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Tracking Afghan Women's Quest for Glory

Students featured in the film stroll with Executive Producer Laila Rossi on the campus of Kabul University.  L to R: Arghawan Habibi, Rohila Burhanzoi, Laila Rossi and Nabila Barmaki. Photo by Bill Gentile.

Students featured in the film stroll with Executive Producer Laila Rossi on the campus of Kabul University. L to R: Arghawan Habibi, Rohila Burhanzoi, Laila Rossi and Nabila Barmaki. Photo by Bill Gentile.

Professor and Journalist in Residence Bill Gentile is following a team of female Kabul University law students from Afghanistan to Hong Kong in their journey to compete in the Vis Moot, one of the world’s most prestigious international arbitration contests. This will be the first female team from Afghanistan to compete in the competition.

The film, tentatively titled Afghan Girls’ Law, is a co-production of American University’s School of Communication (SOC). The project is being led by Gentile as Producer and Afghan-American entrepreneur Laila Rossi as Executive Producer, Professor Brigid Maher as co-producer and graduate student Heidi Naguib directing.

The Department of Commerce, which runs Vis Moot, first approached SOC through Maher, known for her documentary Veiled Voices on Muslim women leaders in the Arab world. Maher turned to Gentile to shepherd the project, due to his long track record of working in Afghanistan, including the piece Afghanistan: The Forgotten War, broadcast by NOW on PBS. Maher also formed a connection with Rossi, who, beyond her official role, has become a mentor and advocate for the Afghan girls’ team.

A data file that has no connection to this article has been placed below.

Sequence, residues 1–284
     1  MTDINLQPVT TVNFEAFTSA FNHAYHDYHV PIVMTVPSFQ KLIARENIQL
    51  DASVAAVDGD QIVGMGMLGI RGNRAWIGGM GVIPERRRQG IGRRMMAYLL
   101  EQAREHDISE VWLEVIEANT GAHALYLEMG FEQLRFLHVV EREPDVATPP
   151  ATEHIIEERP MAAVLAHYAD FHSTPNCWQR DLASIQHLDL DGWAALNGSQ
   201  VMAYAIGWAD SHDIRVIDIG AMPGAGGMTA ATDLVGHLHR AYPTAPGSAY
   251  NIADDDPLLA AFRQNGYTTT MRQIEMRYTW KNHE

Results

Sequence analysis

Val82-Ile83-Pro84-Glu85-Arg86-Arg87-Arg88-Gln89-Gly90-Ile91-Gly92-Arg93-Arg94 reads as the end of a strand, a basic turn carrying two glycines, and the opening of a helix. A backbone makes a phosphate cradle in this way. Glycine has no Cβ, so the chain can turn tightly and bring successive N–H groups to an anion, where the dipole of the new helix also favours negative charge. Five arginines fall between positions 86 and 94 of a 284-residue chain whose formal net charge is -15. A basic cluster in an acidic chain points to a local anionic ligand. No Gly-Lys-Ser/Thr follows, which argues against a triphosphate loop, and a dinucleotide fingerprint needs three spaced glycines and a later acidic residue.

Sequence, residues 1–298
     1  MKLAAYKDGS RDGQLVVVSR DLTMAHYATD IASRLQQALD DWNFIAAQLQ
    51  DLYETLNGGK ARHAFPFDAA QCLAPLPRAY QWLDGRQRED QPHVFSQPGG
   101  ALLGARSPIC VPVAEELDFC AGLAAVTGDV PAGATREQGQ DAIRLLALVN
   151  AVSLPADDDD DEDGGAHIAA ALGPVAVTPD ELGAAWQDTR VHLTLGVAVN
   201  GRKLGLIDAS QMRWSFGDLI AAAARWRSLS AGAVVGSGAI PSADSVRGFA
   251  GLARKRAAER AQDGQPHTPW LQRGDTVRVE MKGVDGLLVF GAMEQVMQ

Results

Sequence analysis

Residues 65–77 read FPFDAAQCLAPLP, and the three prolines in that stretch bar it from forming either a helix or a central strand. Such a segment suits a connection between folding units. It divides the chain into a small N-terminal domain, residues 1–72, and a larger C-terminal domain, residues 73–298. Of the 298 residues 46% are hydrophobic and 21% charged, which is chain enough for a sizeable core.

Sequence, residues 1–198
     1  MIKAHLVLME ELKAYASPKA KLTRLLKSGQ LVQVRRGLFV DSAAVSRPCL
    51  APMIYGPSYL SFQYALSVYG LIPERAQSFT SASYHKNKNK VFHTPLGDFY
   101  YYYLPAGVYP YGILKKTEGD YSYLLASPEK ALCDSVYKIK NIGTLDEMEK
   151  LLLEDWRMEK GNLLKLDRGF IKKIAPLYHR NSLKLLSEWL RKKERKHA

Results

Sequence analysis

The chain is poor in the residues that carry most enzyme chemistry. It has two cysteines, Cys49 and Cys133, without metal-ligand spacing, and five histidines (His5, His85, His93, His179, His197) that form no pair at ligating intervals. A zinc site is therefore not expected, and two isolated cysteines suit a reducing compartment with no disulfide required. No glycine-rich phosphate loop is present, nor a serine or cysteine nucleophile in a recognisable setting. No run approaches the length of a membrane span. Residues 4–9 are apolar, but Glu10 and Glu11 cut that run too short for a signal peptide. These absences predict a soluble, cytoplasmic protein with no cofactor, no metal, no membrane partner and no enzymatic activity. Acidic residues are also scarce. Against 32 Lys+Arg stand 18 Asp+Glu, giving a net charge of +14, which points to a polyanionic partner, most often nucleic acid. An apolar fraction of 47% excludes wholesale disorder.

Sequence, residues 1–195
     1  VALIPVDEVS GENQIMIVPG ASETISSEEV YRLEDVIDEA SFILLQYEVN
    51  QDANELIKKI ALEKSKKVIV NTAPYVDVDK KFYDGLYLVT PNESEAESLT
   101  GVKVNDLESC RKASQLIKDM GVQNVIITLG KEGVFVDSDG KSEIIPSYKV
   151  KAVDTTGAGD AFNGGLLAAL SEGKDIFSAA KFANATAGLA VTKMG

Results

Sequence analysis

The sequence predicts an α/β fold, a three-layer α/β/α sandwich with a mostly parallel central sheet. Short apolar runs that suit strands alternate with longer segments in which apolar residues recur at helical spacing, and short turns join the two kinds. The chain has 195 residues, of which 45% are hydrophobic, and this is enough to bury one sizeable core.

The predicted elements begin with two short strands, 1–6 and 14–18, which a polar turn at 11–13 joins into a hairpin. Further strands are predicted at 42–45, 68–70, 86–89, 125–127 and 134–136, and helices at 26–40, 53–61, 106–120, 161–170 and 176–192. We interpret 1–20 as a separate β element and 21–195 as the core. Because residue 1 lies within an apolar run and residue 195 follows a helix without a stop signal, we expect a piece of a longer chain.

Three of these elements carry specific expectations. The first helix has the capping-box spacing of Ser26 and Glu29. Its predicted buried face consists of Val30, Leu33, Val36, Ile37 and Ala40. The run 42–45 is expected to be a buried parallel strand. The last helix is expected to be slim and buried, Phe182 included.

“The girls and I have become very close during the filming,” Rossi shares. “I'm hopeful that I can positively influence and help other Afghan women to make their way. I hope to inspire our participant girls – and other women that watch the documentary – to seek higher education and pursue their career goals, make a contribution to their country, and become future leaders, despite all of the cultural and political obstacles they face.”

Gentile and Rossi were both in Kabul January 3-10 for the initial round of filming for the documentary. The trip marked the first time that Rossi, whose parents are both Afghan, returned to her native country since her childhood.

The competition is a mock judicial proceeding set up to examine a hypothetical case as an academic exercise. It is named after the late Willem Cornelis Vis, Executive Secretary of the Vienna Diplomatic Conference that created the UN Convention on Contracts for the International Sale of Goods (CISG). It is organized on an annual basis in Vienna by Pace University.

The Moot aims to promote the study and practice of international commercial arbitration. The moot problem that contestants must address is normally based on a business dispute, and the teams are expected to present arguments for both the claimant and respondent before a panel of arbitrators and under the rules of one of the major arbitral institutions, such as the International Chambers of Commerce or the London Court of International Arbitration.

Gentile, Naguib, and Rossi are currently in Doha, Qatar, to film the Afghan girls as they prepare, and then will travel with them on to Hong Kong for the final competition in late March and early April.